Let me start by saying, I am no expert. I just speak honestly and keep an open mind in regards to pole and aerials training and my own body. Nothing makes you more aware of your body than being injured and having to plan your recovery.
I see so many people attending stretch classes and saying, “I have given myself two months to get the splits” or others who have incredible flexibility but cannot do 10 push ups, or cannot pull themselves up out of the splits! People aren’t lining up for strength classes and instead choose stretching over strengthening. However, the two work in harmony and you cannot successfully have one without the other on the pole. You will always reach a point of plateau in your training or worse… injury.
Flexibility vs Mobility, or as we hear all the time – Passive vs Active flexibility. Put simply, ‘passive flex’ means you use something like the floor or the pole to assist you. ‘Active flex’, means you can stretch to your range of motion without using any objects as force, even a hand.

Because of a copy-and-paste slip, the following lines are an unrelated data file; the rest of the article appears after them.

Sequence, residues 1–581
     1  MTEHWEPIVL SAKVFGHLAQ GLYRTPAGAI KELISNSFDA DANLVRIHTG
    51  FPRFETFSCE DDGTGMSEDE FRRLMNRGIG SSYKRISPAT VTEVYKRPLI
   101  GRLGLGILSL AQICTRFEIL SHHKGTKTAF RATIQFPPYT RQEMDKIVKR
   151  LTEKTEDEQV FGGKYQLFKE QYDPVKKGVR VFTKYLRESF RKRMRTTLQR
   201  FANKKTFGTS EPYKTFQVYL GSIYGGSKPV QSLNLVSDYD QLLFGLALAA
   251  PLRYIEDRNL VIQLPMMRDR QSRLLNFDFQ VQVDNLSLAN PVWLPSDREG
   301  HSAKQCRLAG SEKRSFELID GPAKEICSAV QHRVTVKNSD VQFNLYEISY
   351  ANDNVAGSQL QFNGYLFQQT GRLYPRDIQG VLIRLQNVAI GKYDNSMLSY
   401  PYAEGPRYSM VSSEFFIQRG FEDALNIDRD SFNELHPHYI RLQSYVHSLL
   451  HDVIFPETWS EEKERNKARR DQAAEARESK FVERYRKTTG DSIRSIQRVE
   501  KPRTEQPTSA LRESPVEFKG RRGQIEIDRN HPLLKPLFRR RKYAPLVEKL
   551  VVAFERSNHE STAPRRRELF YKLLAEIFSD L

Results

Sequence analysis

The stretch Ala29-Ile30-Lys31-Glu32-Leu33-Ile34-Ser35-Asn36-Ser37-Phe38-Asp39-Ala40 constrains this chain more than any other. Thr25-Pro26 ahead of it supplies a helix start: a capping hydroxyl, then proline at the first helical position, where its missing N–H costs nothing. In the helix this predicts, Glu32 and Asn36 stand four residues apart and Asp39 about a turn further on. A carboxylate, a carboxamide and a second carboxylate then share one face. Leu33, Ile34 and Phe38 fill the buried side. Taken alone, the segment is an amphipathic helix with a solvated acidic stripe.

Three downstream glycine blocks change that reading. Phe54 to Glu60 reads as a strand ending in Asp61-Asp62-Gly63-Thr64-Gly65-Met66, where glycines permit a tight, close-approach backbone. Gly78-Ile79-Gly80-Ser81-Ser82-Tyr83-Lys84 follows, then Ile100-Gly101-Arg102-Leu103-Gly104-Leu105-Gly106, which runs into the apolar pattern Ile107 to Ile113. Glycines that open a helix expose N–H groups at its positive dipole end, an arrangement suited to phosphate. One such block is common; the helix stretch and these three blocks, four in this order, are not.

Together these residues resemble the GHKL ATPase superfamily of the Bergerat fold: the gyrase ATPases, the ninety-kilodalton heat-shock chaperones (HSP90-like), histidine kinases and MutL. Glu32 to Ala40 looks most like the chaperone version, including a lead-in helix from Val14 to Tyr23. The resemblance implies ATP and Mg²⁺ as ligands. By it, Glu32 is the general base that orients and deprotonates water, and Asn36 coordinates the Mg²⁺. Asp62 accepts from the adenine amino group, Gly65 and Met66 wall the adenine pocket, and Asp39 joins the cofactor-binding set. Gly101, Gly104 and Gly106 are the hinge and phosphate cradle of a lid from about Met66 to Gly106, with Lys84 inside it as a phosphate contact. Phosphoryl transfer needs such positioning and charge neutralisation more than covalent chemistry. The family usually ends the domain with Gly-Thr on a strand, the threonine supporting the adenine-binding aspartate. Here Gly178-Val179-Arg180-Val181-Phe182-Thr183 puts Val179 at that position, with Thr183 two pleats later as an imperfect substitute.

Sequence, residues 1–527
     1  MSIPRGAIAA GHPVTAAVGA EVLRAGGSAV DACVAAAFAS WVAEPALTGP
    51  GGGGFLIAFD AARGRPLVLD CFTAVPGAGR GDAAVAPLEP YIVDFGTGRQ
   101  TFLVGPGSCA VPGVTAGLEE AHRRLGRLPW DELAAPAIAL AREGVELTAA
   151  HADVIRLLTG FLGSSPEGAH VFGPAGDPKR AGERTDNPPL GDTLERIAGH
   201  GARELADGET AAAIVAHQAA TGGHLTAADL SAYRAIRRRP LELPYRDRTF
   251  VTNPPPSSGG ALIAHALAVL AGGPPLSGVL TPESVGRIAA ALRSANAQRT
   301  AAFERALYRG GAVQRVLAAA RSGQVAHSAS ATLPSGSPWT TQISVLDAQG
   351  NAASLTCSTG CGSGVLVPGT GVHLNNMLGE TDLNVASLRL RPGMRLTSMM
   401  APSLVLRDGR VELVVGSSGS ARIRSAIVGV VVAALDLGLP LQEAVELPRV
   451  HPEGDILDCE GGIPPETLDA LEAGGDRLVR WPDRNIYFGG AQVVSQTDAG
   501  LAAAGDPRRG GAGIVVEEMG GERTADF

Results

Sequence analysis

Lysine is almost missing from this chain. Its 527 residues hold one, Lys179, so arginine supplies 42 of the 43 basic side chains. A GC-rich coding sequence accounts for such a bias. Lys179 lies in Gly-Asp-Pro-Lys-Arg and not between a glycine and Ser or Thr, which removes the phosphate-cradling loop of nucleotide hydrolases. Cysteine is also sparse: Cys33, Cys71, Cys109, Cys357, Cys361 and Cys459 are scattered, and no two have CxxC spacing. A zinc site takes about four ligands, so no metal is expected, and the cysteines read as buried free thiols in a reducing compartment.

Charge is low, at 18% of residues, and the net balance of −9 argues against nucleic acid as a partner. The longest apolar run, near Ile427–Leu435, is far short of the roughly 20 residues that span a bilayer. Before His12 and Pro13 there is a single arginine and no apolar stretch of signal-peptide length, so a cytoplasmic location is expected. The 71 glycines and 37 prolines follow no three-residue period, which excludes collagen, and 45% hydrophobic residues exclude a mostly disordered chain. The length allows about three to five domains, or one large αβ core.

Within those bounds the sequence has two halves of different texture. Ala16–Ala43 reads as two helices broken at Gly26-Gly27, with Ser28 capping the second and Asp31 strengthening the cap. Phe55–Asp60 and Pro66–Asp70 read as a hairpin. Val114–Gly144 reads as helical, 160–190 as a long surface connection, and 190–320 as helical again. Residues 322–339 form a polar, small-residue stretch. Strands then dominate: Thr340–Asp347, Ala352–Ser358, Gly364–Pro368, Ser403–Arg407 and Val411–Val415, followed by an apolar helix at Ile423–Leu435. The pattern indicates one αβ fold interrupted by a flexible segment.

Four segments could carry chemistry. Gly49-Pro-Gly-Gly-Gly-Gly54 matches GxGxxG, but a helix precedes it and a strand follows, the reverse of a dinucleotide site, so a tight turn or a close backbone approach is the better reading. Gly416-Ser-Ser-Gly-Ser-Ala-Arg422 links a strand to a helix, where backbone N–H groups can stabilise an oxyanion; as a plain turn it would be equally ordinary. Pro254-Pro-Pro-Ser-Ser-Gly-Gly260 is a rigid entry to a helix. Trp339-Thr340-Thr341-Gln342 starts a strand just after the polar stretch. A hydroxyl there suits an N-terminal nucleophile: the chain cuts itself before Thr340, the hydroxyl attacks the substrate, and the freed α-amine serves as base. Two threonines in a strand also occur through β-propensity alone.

In pole language, your passive pancake stretch (chest on floor with legs straddled) looks amazing, but can you lay on your back and clack your toes on the floor beside your ears in an active flexibility straddle? You can split on the floor, but how is your jade split?
Whenever you stretch, you should be aiming to build strength around joints, tendons and ligaments to support you in the increased range of motion – that way, when you convert those moves to the pole or aerials, it will be a lot safer and easier. Regular and intense stretching can cause the connective tissues around your muscle and joints to loosen, making them weak and vulnerable to injury. Muscles will only stretch so far, then your ligaments will stretch, and putting your ligaments under too much stress will cause serious injury and joint stability issues.
Ideally, we need to work on our full range of motion, so we are stretching and strengthening equally and convert it into functional mobility on the pole. You will be safer, stronger and less injured as a result.
So next time you are training, choose wisely. Stretch, yes, but alternate with some strength training and make sure you are incorporating full range of motion exercises. Speak to your Instructors or Studio Owners for more assistance with mobility training.
Diagram from – www.thepolept.com